Yukon Arctic Ultra endurance race back on track this year in northwestern Canada

Competitors at the 2019 Yukon Arctic Ultra. The competition is back this year after being cancelled in 2021 due to the COVID-19 pandemic. (Philippe Morin/CBC)

One of the world’s coldest and toughest ultra endurance races is back on this year after being cancelled in 2021 because of COVID-19.

Forty athletes from Canada, the U.S., Ireland, the Netherlands, Germany, the U.K. and Singapore, will compete in either the 26-mile, 100-mile or the 300-mile race on bikes or by foot at the Yukon Arctic Ultra, which gets underway Thursday morning.

Robert Pollhammer, the long-time organizer of the event, couldn’t be more pleased.

“I’m feeling good about it,” he said. “It’s been active quite early compared to normal, and it’s been a bit stressful at the beginning because of the changes we had to make. But now we caught up and yeah, it’s going to be great.”

Competitors at the 2020 Yukon Arctic Ultra make last-minute preparations before hitting the trail. (Kiyoshi Maguire/CBC)

Among the athletes who at the starting line will be Jim Ryall, who flew to Whitehorse from his village in Hampshire, England, to compete on foot in the 100-mile race.

He said he’s been thinking about it for four or five years and was going to compete last year until the race was cancelled.

Ryall said he’s been training to increase his endurance, but not for the cold conditions.

“You cannot train for what’s outside there now at -30 C. You just can’t,” he said. “I don’t live in that kind of climate and short of spending a winter in Sweden, or Norway, that’s impractical.”

His goal, he said, is to finish the race.

“It’s a personal challenge to finish it,” he said. “I hope to get to the end in one piece having achieved what I came here to do.”

Trail and weather conditions

Pollhammer said the conditions of the trails have been “all over the place” in the last three or four weeks.

“It’s been really bad and then really good and it’s now going to snow again. So we’ll see what the trail does,” he said.

He said the forecast also changed often — it could get as low as -25 C.

The people who have the necessary equipment with them to stay warm will be OK, Pollhammer said.

Yukon Arctic Ultra organizer Robert Pollhammer at the Braeburn checkpoint, Feb. 5, 2018. (Philippe Morin/CBC)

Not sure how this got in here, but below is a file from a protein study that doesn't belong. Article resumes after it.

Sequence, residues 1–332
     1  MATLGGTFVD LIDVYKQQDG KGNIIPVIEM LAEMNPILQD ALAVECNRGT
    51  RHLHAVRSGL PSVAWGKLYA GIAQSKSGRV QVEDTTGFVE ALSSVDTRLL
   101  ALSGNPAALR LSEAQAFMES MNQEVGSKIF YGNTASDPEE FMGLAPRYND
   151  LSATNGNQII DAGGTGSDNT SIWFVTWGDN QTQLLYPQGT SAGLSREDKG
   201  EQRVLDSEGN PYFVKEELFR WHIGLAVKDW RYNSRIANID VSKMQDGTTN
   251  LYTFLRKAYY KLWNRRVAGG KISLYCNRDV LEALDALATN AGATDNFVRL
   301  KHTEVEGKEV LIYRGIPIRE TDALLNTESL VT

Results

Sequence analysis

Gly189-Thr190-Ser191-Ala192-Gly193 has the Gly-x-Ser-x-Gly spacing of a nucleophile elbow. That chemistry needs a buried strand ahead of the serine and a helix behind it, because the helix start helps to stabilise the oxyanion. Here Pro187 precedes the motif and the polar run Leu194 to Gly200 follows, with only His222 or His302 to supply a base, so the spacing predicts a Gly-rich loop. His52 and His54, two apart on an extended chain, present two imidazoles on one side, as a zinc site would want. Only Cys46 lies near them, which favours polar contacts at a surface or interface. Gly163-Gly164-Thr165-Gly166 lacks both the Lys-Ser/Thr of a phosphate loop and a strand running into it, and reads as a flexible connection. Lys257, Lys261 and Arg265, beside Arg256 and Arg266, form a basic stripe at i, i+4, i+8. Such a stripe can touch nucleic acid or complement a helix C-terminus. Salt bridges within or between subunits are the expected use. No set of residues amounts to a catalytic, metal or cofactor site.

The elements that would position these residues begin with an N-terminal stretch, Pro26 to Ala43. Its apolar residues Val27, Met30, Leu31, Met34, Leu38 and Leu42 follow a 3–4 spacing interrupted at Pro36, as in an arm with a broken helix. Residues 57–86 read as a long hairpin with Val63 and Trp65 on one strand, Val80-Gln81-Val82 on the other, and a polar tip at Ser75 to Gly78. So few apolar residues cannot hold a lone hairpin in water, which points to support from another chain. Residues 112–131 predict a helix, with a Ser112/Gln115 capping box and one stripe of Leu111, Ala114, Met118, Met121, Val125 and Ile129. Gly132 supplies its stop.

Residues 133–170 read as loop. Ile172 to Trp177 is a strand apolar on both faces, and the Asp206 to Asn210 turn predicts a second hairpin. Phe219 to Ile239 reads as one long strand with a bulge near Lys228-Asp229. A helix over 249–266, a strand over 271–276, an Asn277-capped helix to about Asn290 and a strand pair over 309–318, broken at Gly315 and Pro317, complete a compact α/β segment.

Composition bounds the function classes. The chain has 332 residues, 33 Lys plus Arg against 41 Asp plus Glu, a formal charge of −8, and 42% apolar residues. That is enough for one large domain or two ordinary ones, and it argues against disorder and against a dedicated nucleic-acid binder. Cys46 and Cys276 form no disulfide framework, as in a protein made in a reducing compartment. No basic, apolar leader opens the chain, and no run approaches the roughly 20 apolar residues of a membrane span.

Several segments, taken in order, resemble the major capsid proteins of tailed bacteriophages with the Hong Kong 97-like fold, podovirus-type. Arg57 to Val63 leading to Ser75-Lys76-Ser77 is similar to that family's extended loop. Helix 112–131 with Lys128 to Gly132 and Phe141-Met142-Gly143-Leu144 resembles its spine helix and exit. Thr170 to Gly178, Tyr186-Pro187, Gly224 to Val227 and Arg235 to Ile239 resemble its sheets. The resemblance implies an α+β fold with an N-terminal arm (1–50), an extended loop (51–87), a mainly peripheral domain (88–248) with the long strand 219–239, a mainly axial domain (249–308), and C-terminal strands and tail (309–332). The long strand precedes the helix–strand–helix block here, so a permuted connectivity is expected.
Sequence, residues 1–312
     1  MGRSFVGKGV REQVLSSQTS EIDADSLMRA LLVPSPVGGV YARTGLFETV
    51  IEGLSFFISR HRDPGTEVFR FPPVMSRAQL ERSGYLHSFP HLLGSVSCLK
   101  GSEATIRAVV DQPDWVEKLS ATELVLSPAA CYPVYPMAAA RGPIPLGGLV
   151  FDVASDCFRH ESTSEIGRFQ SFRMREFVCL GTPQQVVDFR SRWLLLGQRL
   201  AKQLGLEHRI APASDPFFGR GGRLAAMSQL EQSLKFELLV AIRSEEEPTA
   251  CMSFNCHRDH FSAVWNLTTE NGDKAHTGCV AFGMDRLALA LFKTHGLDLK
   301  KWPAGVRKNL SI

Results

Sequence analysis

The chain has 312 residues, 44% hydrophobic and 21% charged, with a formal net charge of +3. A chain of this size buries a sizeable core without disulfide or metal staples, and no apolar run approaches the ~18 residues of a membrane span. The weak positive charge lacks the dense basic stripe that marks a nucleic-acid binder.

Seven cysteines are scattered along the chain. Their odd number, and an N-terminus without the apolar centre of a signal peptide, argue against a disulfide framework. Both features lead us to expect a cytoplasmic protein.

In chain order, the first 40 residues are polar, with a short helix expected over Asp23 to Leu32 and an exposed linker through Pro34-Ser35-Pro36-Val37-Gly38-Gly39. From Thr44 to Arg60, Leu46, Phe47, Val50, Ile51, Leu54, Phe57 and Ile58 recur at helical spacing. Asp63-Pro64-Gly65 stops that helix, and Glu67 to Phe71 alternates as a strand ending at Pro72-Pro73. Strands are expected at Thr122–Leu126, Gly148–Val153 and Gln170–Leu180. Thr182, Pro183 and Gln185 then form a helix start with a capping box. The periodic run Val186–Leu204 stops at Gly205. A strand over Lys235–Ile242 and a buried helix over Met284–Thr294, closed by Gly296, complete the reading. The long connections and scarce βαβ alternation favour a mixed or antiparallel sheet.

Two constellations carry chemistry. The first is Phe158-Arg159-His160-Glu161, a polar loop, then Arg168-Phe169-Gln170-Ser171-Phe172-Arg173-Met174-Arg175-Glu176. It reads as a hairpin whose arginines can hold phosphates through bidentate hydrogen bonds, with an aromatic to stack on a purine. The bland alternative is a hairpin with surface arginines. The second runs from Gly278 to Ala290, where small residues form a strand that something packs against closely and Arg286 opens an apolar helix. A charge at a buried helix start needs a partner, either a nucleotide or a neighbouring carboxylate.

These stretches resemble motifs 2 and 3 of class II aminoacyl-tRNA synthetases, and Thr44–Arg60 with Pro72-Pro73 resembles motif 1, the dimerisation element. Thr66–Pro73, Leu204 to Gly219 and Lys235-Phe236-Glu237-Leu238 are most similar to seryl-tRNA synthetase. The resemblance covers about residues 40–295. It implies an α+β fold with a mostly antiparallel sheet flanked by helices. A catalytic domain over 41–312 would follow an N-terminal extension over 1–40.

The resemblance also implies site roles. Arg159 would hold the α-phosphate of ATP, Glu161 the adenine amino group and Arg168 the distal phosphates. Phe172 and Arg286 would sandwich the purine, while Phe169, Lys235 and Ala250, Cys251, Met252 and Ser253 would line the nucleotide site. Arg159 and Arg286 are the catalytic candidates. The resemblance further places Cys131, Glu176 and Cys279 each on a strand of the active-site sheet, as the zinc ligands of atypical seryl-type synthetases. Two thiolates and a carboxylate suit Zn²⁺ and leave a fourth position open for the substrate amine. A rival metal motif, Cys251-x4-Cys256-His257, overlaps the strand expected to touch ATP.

Every athlete will have a spot tracker for every athlete for safety, as they have every year.

But this year, athletes will also need to have a device, like a satellite phone or a Garmin inReach, that allows them to communicate with the race organizers.

He added people with less experience will have done a four-day training program.

Changes

Pollhammer said he had to change some of the logistics to respect the public health limit of having no more than 50 people at an outdoor event, including the route of the 300-mile race.

“We will not go all the way to Pelly Crossing. We will only go as far as Mandanna Lake,” he said. “And then our athletes will turn around and come back to Whitehorse.”

The start of the race will also be staggered, said Pollhammer.

Competitors line up at The start of the Yukon Arctic Ultra race in Whitehorse, Jan. 30, 2020. The 2022 race will have a staggered start. (Steve Silva/CBC)

The 430-mile race won’t be held this year because the Ultra’s longest race takes place every other year, Pollhammer explained.

While the race gets underway Thursday at Shipyard’s Park, Pollhammer is asking the public to stay home and watch it online and follow the races on social media.

“We have the rule of maximum 50 people in an outdoor event and I don’t want to get in trouble,” he said. “And then hopefully next year, we can have a bigger start with more people again.”

With files from Elyn Jones and Dave White

Related stories from around the North:

Canada: 2021 Yukon Quest to split in two: one race in Alaska, one in Yukon, CBC News

Finland: Jobless huskies in Arctic Finland travelling south for work as COVID-19 puts breaks on winter season, Yle News

Norway:  Dogsled race in arctic Norway cancelled over COVID-19 fears, The Independent Barents Observer

United States: No vaccinations required for Yukon Quest this winter, Alaska Public Media

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